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    Definition of Epidemiology

    Etymology originates from the three Greekwords- Prefix : epi (on, upon, befall ) +- Root : demos (people, population, man ) +- Suffix: logy (study of )

    Literal translation --- that which befalls man(e .g. , epidemics )

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    Definitions of Epidemiology

    1. It is the study of the distribution and determinantsof health-related states or events in specifiedpopulations, and the application of this study tocontrol of health problems . (Last, 19 88 )

    2. It is the study of the distribution and determinantsof disease frequency in human populations . (MacMahon and T richopoulos, 199 6)

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    Definitions of Epidemiology

    3. Epidemiology is an investigative method used to detect thecause or source of diseases, disorders, syndromes, conditionsor perils that cause pain, injury, illness, disability or death inhuman populations or groups . (T imreck, 199 4)

    4. Epidemiology is a discipline that describes, quantifies, andpostulates causal mechanisms for health phenomena in thepopulation . (Frils and Sellers, 199 6)

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    A natomy of t h e Definition

    1. Population of interest are human populations .2. Describes distribution of health and disease (by person, place

    and time variables ).3. Identifies determinants of health and disease (risk factors,

    causes )4. Health and disease (injury, illness disability or death )

    This emp hasiz e s that ep id em i olog ists a re concerne d no t only withd e ath, i llne ss a nd disabi l it y , b u t a l s o with more po sitiv e he a l th

    stat e s a nd with th e me a ns t o i mpro v e he a l th.

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    Scope of Epidemiology

    Scope : human populationP opul ati on d ef i ne d i n geogr a phi c a l or o ther t erm s e .g . a s pec i f i c group of hos pita l pati en ts or f a c t ory w orker s c a n be a un it of st ud y .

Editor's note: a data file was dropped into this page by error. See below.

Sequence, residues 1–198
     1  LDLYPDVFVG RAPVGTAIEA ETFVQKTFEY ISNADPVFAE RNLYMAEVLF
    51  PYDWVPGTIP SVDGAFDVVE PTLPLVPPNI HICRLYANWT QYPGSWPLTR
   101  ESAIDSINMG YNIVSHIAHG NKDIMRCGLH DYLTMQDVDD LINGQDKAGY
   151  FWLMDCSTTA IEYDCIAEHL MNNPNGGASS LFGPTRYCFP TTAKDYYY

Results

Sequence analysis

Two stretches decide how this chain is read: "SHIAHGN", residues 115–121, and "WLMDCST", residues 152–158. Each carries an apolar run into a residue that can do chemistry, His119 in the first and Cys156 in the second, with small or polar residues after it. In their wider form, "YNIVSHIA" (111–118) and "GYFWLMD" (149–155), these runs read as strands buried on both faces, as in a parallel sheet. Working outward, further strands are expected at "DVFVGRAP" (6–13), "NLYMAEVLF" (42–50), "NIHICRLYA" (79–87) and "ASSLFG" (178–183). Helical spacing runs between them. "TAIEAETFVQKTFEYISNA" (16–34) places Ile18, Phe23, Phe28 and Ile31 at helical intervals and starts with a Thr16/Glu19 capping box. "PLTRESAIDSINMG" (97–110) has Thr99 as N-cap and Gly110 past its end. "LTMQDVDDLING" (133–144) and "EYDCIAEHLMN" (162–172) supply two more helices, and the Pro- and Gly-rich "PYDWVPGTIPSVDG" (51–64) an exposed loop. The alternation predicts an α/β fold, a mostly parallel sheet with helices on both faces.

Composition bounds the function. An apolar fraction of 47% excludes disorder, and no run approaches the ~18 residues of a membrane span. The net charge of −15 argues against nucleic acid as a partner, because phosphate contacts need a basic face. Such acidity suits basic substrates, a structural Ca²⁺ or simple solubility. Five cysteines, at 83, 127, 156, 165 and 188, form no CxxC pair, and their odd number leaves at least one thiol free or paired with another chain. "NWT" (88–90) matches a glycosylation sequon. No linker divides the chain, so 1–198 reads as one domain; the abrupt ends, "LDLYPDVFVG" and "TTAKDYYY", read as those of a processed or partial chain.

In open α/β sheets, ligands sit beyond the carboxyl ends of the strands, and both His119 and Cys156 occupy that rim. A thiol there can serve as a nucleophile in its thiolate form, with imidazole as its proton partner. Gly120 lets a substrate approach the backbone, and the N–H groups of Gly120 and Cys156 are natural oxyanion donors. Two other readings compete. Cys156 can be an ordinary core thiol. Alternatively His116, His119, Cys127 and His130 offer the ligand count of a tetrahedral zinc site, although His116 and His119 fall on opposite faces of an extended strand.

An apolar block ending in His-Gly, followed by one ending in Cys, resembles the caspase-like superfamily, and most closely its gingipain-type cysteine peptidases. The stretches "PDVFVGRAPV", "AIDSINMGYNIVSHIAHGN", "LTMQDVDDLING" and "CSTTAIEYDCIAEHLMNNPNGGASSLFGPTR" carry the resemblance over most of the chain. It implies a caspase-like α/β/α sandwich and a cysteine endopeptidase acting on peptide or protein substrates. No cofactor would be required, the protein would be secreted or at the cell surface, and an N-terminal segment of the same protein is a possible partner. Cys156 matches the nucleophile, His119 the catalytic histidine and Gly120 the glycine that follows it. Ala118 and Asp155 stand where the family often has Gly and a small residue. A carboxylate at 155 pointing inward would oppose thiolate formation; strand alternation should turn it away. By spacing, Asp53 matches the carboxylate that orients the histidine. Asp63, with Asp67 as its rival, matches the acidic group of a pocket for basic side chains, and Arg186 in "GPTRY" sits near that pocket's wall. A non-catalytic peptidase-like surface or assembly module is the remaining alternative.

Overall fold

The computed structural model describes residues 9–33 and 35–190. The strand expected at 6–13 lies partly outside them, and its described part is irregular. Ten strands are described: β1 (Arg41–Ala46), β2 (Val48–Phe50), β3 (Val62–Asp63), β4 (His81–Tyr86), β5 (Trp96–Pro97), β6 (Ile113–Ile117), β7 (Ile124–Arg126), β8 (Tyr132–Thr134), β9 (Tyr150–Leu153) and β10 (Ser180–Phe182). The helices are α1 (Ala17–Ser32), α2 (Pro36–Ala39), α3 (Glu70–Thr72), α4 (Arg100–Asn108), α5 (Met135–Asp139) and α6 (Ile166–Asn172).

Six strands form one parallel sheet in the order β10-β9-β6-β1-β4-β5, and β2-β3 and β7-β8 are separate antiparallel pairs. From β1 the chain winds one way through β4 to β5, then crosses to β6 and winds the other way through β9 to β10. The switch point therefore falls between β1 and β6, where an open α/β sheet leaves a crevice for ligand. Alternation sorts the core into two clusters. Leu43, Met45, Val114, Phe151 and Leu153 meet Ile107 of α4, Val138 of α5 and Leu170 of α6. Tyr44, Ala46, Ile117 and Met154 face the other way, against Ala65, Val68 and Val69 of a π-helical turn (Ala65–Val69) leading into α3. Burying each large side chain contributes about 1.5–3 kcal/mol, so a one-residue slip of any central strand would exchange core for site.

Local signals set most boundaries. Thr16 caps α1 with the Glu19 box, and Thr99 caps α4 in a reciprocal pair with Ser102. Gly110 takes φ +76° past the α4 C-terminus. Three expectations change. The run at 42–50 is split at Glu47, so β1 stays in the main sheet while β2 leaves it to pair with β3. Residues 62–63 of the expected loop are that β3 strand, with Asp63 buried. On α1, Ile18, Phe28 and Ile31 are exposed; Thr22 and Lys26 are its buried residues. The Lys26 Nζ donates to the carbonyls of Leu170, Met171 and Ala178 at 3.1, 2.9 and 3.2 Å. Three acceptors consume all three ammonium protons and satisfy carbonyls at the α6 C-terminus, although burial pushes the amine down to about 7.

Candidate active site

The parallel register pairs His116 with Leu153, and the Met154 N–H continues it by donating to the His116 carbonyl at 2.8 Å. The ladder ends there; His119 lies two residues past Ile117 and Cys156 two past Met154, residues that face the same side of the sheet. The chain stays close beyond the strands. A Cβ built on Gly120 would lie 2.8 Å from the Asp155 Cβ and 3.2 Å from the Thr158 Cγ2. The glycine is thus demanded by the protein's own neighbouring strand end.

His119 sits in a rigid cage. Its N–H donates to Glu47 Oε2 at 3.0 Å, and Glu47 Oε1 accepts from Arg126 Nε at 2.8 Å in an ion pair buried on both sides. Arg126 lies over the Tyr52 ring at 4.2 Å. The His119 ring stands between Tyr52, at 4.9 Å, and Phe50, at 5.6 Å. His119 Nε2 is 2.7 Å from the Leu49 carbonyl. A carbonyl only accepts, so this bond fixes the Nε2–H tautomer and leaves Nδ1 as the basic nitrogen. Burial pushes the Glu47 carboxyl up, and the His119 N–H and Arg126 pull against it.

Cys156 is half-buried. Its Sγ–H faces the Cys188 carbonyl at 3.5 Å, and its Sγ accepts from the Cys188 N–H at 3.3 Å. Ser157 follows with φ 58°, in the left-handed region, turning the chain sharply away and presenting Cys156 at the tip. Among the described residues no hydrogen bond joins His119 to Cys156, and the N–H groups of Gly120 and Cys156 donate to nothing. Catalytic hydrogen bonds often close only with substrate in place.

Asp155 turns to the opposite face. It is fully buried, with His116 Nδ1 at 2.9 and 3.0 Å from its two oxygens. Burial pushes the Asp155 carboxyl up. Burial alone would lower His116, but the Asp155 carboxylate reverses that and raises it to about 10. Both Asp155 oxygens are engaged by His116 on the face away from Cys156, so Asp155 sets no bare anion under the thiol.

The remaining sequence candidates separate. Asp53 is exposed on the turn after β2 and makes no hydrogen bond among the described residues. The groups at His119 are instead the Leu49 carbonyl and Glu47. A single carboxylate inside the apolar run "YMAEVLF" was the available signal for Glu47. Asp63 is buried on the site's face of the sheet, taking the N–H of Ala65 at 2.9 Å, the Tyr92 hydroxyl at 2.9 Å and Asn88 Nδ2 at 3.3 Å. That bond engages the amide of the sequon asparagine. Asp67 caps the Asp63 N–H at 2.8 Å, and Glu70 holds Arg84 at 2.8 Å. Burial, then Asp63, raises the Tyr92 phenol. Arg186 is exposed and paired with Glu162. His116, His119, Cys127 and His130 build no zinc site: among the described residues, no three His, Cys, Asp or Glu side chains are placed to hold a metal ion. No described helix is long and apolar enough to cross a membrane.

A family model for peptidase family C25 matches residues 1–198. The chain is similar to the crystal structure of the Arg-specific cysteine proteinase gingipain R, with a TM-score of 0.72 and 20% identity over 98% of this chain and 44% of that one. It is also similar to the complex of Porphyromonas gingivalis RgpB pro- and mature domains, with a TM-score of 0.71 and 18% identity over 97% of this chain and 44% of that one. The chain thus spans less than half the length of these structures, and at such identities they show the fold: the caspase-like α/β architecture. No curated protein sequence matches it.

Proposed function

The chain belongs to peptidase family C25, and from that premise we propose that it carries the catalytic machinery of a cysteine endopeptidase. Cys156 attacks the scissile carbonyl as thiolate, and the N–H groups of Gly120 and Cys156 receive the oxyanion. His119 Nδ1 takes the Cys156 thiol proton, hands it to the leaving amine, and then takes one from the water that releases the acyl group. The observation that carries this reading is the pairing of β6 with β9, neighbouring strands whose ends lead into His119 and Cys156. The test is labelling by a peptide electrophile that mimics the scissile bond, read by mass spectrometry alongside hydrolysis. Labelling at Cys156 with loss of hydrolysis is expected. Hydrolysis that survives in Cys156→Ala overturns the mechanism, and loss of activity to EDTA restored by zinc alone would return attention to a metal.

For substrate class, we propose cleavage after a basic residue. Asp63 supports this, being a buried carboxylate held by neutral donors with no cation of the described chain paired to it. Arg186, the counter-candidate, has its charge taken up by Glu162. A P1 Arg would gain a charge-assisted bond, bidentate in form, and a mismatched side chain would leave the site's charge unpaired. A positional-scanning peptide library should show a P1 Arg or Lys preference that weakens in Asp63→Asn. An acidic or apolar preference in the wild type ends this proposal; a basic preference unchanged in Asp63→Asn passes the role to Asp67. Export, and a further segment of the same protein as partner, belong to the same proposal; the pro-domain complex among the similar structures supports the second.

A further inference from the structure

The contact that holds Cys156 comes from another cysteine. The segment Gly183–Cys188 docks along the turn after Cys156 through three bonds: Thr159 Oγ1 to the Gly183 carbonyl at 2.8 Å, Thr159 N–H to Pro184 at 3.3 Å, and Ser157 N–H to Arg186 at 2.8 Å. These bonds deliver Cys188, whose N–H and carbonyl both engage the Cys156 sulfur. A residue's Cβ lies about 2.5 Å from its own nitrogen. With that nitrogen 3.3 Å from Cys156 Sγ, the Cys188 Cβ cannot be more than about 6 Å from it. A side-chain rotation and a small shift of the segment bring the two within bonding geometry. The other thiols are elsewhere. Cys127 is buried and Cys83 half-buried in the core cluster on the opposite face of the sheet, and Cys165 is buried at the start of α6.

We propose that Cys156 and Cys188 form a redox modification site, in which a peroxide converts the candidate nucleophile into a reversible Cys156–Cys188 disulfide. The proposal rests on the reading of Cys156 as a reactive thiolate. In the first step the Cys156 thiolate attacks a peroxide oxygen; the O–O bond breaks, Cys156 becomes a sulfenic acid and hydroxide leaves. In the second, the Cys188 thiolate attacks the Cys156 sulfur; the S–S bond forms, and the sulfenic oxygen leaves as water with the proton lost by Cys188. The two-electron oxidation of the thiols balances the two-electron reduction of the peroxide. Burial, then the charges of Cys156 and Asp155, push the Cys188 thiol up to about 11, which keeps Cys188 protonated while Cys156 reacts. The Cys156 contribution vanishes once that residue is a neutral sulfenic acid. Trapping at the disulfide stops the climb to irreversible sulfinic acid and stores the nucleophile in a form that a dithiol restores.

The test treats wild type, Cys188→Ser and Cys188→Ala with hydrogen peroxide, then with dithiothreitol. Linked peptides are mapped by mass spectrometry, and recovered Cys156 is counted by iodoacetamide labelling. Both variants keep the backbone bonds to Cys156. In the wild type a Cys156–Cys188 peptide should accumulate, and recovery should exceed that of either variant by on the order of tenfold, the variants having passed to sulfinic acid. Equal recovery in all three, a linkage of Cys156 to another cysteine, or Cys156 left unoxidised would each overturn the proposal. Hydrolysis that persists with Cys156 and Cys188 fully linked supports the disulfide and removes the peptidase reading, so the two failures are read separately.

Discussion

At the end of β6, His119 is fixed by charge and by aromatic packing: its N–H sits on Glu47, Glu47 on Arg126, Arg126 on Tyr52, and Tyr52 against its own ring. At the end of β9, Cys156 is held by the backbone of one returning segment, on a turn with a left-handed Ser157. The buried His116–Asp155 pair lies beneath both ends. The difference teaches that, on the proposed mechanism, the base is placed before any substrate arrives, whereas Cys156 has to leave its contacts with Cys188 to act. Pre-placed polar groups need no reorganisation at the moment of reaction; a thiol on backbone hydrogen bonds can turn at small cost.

M ost common popul ati on: i n a g iv en a re a or coun t ry at a g iv en ti me basis for d ef i n i ng s ubgroup s with re s pec t t o s ex , a ge

    group , e thn i c it y , e t c .

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    Herd immunity

    A vaccine provides herd immunity if it not only protects theimmunized individual, but also prevents that person fromtransmitting the disease to others, causing decline in prevalenceof the organism in the population .

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    Uses of Epidemiology

    1. Elucidate disease etiology- Ma y a l s o id en ti fy the d e t erm i na n ts of ou t come s of i llne ss..

    leadi ng t o id en ti f i c ati on of pre v en tiv e me thods.

    (E pid em i ology as a basi c me di c a l s c i ence with go a l of i mpro vi ng he a l th)- O ther ou t come s of i n t ere st --- bi olog i c proce ss e s l i ke gro wth,mul ti ple pregn a ncy , i n t ell i gence , a nd fer ti l it y

    Genetic factorsCausation Good health Ill health

    Environmental factors(including lifestyle )

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    Uses of Epidemiology

    2. Explain local disease patterns- B y uti l izi ng what is a lread y kno w n ab ou t th e e ti ology of a pa r ti cul a r he a l th pro blem , ep id em i olog ist ma y be ab le t o expl ai n a nd d e a l , e .g .with a pa r ti cul a r ou tbre a k , a nd formul at e pre v en tiv e me as ure ss uitab le t o a s pec i f i c commun it y .

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    Uses of Epidemiology

    3 . Describe the natural history of disease- T o id en ti fy f a c t or s rel at e d t o the cour s e of the dis e as e once the dis e as e is e stab l ish e d;

    - I t is us eful t o kno w h ow th e d ur ati on of a dis e as e a nd th e pro babi l it y of va r i ou s ou t come s ( e .g ., reco v ery , d e ath, compl i c ati on s) va ry by a ge , gen d er , geogr a phy , e t c .

    DeathNat ur a l hist ory Good health Subclinical Clinical

    changes diseaseRecovery

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    Uses of Epidemiology

    4 . Provide guidance in the administration andevaluation of health services .- Esti mati on of num ber of hos pita l be ds requ i re d for pati en ts withs pec i f i c dis e as e s ( e .g ., men ta l i llne ss) or for a g iv en s egmen ts of the popul ati on ( e .g ., prem at urely born i nf a n ts, disab led el d erly )wi ll requ i re kno w led ge of the frequency a nd nat ur a l hist ory of pa r ti cul a r dis e as e s or of a ll dis e as e s i n the a ffec t e d s egmen ts of the popul ati on .